"For the love of God, Raúl," Luís said, "I know you're not actually that stupid. It's not as though any man with eyes can't see that he's – "

Raúl heard himself snap, "Then why doesn't he stay?"

Raúl had a moment, as Luís's eyebrows slowly rose, to wholeheartedly regret losing his composure.

"Perhaps you should ask him that instead," Luís said, after a long moment. "One assumes there's a reason."

"I can guess the reason," Raúl said. "I won't talk about this."

A second passed, before Luís nodded.

"Well," Raúl said stiffly. "Thank you for your help. I shouldn't trespass on your – "

"Oh, don't sulk now," Luís said, cutting him off. "Come up and have a drink at least, and I'll leave you and your pet wolfhound alone."

Raúl held out for a minute – he wasn't sulking, of all the ridiculous ideas – before acquiescing to good sense. Fernando was here to see Luís, and Raúl hardly wanted to trudge back alone.

Besides, Luís always had very good wine.

*

It was very good wine indeed – so good that Raúl didn't notice anything amiss until the rough stone walls of the alley they were cutting through vanished.

"What, again?" he heard Fernando say; he himself was busy berating himself for his inattentiveness. The stand was extraordinarily unsubtle, resembling a gilded birdcage blown to vast proportions. The man in its center wore his silver badge pinned prominently to the lapel of his shabby coat, so there could be no mistaking his affiliation.

He wasted no time. "I wish to contest you," he said.

"Usually one arranges these things outside the stand," Raúl said sharply.

The man smiled. "I didn't want to give you a chance to refuse."

"If you know as much about the Institución as you profess to, you'll know I can't refuse," Raúl said.

"I know more than you think," the Leveler said. "I've heard plenty about you, Señor González. Power has a nasty habit of rebounding on you; do they not teach that in your Academy?"

"Oh, no indeed," Fernando drawled. "They hand us the reins and tell us to run wild, practically."

"I know who you are, too," the Leveler said. "You shouldn't really be saying 'us', should you?"

Fernando's jaw clenched. Raúl caught Fernando's eye; Fernando nodded.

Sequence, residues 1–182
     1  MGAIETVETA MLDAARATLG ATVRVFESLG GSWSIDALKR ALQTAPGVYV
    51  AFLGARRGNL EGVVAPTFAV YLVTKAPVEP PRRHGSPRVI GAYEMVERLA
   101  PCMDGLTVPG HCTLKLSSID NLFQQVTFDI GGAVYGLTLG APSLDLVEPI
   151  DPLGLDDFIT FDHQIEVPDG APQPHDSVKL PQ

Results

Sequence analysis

"Get on with it," Raúl said.

The Leveler was good: far better than the boy, good enough that Raúl wondered if he'd attended the Academy himself, once. He wasn't better than they were, though. As his attacks remained unsuccessful, he, too, began to falter. "Isolate," he tried, wiping his brow. "No sight, no touch, no sound."

"Illuminate," Raúl cast back. "Clarify all before it."

Fernando built on it: "Magnify exponentially. Blind."

The Leveler actually brought up a hand to shield his eyes; if he was losing consciousness of the boundary between sensation and reality then they were close to the end.

Then, as Raúl's jaw dropped, he straightened and, voice hardening, said, "Darkness like a velvet cloak. No moon, no stars. Engulf."

The words weren't anything like his style thus far; they were like nothing so much as the mysterious words of the Leveler boy. Raúl was so taken aback he forgot to counter, and his vision was shrouded in darkness.

"Pierce with light," he heard Fernando say quickly, and his vision returned in time to see the Leveler say, "Inflame with venom, agony, scalding heat. Lose sight of boundaries; lose reason."

Raúl got himself together. "Numb with ice; crystal clarity." Strengthening, he added, "Bind with silken rope. Tighten. Tighten. Tighten."

The Leveler staggered, trying in vain to gulp for air, and in the space Fernando said, like a cannon shot, "Catapult."

It knocked the Leveler clean off his feet. He slammed against the gilded bars; a quick hand grasped hold of one even as the rest of his body slumped, and he managed, barely, to keep his feet.

Raúl was quicker. "Pin as a butterfly. Immobilize and shackle."

The man's arm jerked feebly. Raúl readied himself to end it when, with surge of effort, the man struggled upward and grated, "Concede."

The stand faded. They were back in the alley. There was no sign of the Leveler.

Neither of them spoke for a moment. Then Fernando dusted his hands off on his breeches: a symbolic gesture only. "Well," he said. "That was interesting. Does this happen to you often these days?"

Raúl was still trying to catch his breath. "No," he said, "only in the last few days. Since – " He stopped.

"I see," Fernando said, and nothing more until they were safely home.